Zendo and garden.front viewSakura-ji, (Formerly Creston Zendo) is located in Creston, British Columbia, 13 km north of the BC/Montana border. Creston is a town of 5,000 people, and its major economic activity is agriculture. Cherries are the primary crop in Creston, which is why we have chosen the name Sakura-ji, Cherry Blossom Temple, for our centre.

Our practice leader is Kuya Minogue. On May 17, 2014, Kuya became an STO Disciple, during the Zaike Tokudo Ceremony officiated by Zenku Jerry Smyers at the Mission Mountain Zen Center in Dayton, Montana. Kuya began her training in Soto Zen Buddhism taking the precepts at Shasta Abbey in 1986 and as a formal student of Kyogen Carlson at the Dharma Rain Center in Portland.



The zendo is a 16x28 foot building that was constructed using traditional Japanese joinery. The zendo is set in a Japanese garden in the back of Kuya's home. It has a zendo on the top floor and a basement with a residence: two bedrooms, a bathroom and a small kitchen. The residence is currently being rented out as a Chinese medicine and acupuncture clinic.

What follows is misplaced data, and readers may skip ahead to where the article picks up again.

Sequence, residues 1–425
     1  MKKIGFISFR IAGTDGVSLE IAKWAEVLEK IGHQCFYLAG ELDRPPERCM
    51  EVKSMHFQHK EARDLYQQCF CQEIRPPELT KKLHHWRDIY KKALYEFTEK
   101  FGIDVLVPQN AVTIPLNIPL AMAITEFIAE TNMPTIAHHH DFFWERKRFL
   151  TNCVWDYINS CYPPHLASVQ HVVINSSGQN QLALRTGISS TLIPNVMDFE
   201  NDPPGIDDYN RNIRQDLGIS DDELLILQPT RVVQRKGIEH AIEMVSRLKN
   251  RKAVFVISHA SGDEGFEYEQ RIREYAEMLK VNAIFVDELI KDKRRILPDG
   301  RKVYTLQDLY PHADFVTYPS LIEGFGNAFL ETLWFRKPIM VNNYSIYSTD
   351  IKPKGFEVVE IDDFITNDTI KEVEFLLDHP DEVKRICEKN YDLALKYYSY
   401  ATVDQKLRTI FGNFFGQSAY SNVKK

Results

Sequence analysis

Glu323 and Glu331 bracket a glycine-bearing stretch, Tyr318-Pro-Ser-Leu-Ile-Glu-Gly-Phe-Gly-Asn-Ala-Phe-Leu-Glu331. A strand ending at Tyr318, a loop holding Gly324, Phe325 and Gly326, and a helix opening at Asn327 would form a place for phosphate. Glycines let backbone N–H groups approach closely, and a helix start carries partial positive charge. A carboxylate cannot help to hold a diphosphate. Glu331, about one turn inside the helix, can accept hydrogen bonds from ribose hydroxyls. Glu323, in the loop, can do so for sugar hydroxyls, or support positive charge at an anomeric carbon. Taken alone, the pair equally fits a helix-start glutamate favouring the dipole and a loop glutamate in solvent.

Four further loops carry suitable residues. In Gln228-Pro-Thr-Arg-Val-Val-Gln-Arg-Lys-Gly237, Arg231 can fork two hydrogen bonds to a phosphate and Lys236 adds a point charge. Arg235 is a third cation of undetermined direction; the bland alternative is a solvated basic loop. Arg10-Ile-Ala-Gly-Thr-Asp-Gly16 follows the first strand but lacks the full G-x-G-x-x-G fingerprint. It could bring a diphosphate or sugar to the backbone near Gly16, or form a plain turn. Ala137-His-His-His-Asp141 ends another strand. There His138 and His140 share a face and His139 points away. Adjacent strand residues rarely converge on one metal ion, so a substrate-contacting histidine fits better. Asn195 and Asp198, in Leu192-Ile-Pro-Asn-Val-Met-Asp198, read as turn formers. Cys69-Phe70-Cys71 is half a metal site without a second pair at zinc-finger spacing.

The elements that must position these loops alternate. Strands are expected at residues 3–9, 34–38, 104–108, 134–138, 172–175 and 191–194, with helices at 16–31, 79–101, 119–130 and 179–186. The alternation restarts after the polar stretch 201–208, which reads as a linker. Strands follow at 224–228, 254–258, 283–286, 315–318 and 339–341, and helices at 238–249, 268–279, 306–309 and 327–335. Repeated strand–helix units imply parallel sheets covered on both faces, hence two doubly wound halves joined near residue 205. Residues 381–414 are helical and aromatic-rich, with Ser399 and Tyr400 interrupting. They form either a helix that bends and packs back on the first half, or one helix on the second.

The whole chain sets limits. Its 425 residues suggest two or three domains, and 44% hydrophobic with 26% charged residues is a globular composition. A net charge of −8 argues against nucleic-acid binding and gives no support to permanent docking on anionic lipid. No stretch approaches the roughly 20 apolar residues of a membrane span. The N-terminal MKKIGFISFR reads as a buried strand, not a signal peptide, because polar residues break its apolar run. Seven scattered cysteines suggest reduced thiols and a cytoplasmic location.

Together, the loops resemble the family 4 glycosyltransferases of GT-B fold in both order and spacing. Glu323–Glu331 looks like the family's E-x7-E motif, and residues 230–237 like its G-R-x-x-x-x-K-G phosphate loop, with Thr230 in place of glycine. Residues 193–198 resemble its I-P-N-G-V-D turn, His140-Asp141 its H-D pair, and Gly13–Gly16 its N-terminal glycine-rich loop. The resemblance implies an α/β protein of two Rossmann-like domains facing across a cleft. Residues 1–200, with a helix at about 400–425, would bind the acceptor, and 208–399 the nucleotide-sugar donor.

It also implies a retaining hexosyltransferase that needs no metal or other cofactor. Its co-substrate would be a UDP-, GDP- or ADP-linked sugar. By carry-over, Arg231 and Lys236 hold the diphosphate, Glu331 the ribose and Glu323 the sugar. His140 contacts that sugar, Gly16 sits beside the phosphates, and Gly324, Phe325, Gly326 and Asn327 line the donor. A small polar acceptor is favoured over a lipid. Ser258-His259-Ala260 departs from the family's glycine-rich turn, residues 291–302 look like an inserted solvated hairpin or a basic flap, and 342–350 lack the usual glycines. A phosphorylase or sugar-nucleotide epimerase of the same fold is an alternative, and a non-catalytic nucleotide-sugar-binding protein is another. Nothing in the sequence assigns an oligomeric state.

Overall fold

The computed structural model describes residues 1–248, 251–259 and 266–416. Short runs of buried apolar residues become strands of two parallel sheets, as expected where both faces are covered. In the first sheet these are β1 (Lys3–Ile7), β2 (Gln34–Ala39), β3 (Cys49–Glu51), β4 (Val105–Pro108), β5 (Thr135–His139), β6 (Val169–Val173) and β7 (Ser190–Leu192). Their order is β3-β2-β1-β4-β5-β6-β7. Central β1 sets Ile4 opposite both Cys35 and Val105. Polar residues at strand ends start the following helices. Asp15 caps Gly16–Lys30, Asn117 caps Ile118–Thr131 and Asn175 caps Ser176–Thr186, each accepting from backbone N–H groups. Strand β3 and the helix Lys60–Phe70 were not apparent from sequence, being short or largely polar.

Sakura-ji's mission is to offer Zen instruction and practice along with courses that enhance the health and well-being of residents of the Creston Valley. To this end we have a variety of programs. Kuya is close to completing certification as an instructor in Mindfulness Based Stress Reduction with the University of Massachusetts Centre for Mindfulness in Medicine, and offers private and group courses in mindfulness practices. She has also received transmission from Natalie Goldberg as a Zen Writing Practice teacher and offers writing practice classes and workshops. Two yoga classes operate out of the zendo: a rehab yoga class and the more vigourous Hot Yoga classes. Because of these offerings and services, there is a steady stream of visitors to the temple building and grounds. Every single Soto Zen student has expressed enthusiasm about the new Temple name and about becoming an affiliate of the Silent Thunder Order. For detailed information about Sakura-ji, see www.zenwords.net.